BIT225: HIV VPU Inhibitor Candidate

Contender in the Ring
A novel HIV therapy targets & eradicates one cell type in the viral reservoir
by Jeannie Wraight

BIT225, an HIV VPU inhibitor, has demonstrated strong immunological effects and the ability to effectively render activated macrophages (from viral reservoirs) unable to replicate. Results from a Phase II study from Thailand established BIT225 to be (thus far) a contender as part of an HIV cure strategy.

As described previously in Destination: Cure, HIV hides in clusters of cells called viral reservoirs where they remain inactive indefinitely. As these cells are not producing HIV, they are not recognized as a threat by the immune system. HIV antiretrovirals (ARVs) are unable to penetrate these latently infected cells. Latent HIV has the potential to awaken and begin reproducing. If a person who is on ARVs and virally suppressed stops taking their ARVs or becomes drug-resistant, latently infected cells can awaken, resulting in viral rebound. It takes only one latently infected cell for this to occur.

Researchers have found latent HIV in several types of cells, including resting T cells, follicular dendritic cells, and macrophages. Macrophages are long-lived cells derived from monocytes that can reside in tissue in several places throughout the body, including the liver, lungs, brain and bone marrow. Macrophages engulf viruses, bacteria, fungi and dead cells in a process called phagocytosis.

BIT225 works by targeting the protein in HIV that is responsible for viral assembly, interfering with its ability to properly replicate. With HIV replication incompetent, the virus is unable to infect additional cells.

Researchers conducted a Phase II study at two sites in Thailand to discover if adding BIT225 to an ARV regimen produced additional virological and immunological benefit beyond that of ARVs alone.

BIT225-009 enrolled twenty-seven patients and analyzed whether BIT225, in addition to Atripla, showed a benefit over Atripla and placebo. All study participants were treatment naive. The study ran for twelve weeks and all participants remained on ARVs after the study concluded. Researchers focused on safety pharmacokinetics and the impact on virological and immunological markers.

A statistically significant benefit was seen in those on BIT225 and Atripla versus those on Atripla and placebo in CD8+ and activated CD4 T cell populations. This difference in these levels is evidence of the immune system recognizing and responding to the replication-incompetent virus as a foreign invader thus producing an immune response to eliminate the perceived threat.

According to the poster authors: ”The commencement of a decline of activated CD4+ cell levels at week 6 suggests that virus from these reservoir cells is being eradicated, and cleared by week 12 when levels return to those seen in the ART + placebo group.”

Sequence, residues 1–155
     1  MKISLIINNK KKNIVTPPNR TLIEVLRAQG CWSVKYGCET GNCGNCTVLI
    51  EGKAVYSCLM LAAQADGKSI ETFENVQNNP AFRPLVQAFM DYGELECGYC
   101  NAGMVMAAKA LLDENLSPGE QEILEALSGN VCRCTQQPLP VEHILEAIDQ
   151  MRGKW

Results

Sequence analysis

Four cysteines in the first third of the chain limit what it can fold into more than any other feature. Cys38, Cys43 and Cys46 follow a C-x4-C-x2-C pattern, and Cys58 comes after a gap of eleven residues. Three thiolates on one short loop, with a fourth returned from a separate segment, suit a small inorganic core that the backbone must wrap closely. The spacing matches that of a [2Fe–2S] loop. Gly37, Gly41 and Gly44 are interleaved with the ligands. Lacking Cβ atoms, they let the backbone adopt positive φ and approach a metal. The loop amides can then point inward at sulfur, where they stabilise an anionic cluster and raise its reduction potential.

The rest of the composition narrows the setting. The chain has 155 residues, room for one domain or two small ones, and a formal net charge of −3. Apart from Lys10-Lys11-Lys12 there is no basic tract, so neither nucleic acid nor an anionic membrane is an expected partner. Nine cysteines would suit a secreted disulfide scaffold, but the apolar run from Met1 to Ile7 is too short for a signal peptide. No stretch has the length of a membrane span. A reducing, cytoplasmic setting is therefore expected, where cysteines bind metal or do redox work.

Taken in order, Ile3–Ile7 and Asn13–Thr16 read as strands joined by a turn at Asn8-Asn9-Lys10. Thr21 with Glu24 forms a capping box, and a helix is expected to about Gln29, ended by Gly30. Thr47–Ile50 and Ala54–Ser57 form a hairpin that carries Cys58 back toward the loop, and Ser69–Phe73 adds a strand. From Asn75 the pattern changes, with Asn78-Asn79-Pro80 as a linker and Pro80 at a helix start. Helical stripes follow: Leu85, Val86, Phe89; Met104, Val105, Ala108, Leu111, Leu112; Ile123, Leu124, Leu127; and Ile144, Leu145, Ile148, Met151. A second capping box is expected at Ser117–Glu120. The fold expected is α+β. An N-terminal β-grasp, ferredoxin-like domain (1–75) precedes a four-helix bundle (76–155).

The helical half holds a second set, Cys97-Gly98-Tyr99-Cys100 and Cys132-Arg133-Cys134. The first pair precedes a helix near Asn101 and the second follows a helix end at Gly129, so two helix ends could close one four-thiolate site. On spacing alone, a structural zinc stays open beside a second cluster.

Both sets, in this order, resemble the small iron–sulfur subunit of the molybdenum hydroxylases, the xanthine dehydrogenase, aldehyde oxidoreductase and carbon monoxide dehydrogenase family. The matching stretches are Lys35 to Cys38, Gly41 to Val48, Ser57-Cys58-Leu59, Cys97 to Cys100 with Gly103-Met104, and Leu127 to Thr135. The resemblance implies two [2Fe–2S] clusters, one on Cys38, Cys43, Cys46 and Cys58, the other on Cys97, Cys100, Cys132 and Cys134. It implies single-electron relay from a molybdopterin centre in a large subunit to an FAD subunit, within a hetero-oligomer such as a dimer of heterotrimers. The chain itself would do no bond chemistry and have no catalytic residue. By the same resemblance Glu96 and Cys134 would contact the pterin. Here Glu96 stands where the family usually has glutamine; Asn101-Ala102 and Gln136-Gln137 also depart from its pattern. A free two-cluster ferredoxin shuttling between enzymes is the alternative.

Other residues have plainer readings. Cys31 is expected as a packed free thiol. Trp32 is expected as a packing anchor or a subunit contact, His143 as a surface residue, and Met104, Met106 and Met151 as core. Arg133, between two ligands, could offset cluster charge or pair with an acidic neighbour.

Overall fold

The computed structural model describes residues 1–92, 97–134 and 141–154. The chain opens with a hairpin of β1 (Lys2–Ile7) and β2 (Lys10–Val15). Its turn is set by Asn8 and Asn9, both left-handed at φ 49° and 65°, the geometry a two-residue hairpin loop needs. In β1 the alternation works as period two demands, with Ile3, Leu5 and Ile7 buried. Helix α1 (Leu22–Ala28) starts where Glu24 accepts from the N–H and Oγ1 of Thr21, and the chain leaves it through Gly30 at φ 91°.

Researchers looked at changes in the levels of Soluble CD163 (sCD163), a macrophage immune marker. High levels of sCD163 are seen prior to initiating ARVs, but decrease once viral suppression had occurred. However, this is not the case with all HIV-positive individuals. High levels of this immune marker in people living with HIV with well controlled viremia are linked to an increased risk of morbidity and mortality. Study participants taking BIT225 with Atripla experienced a greater decrease in sCD163 than those on Atripla and placebo. According to the poster authors, the ability of BIT225 to show a greater decrease of this immune marker in people living with HIV may show cause for use of BIT225 in high-risk patients.

The importance of this immune marker was further evidenced in a separate study (not involving BIT225) in people co-infected with HIV and HCV. In this study, sCD163 levels decreased when participants began ARVs, but did not normalize. In those co-infected with HIV and HCV, sCD163 was linked to the progression of fibrosis.
BIT225 was found to be safe with no serious adverse events (AEs). The most common minor AEs were dizziness at thirteen percent for those on BIT225 and Atripla versus eight percent for Atripla and placebo; headache at nine percent for BIT225 and Atripla versus two percent for Atripla and placebo; and nausea at six percent for BIT225 and Atripla versus six percent for Atripla and placebo.

The results of this study indicate that BIT225 may play a role as part of a potential cure regimen if its demonstrated ability to eradicate HIV from macrophages is further shown in additional studies. It also shows promise as an HIV therapeutic, particularly in high-risk individuals.

It’s important to realize that this therapy is not produced by Big Pharma. It is currently owned by a small Australasian Biotech company (Biotron) that, as with most biotechs, has limited funds for further studies. Advocacy is needed to ensure continued research of this drug with support by the NIH, AIDS Clinical Trials Group, and other funding mechanisms.

Jeannie Wraight is the former editor-in-chief and co-founder of HIV and HCV Haven ( and a blogger and writer for She is a member of the Board of Directors of Health People, a community-based organization in the South Bronx and an advisor to TRW (Teach me to Read and Write), a community-based organization in Kampala, Uganda. She lives with her husband in New York City.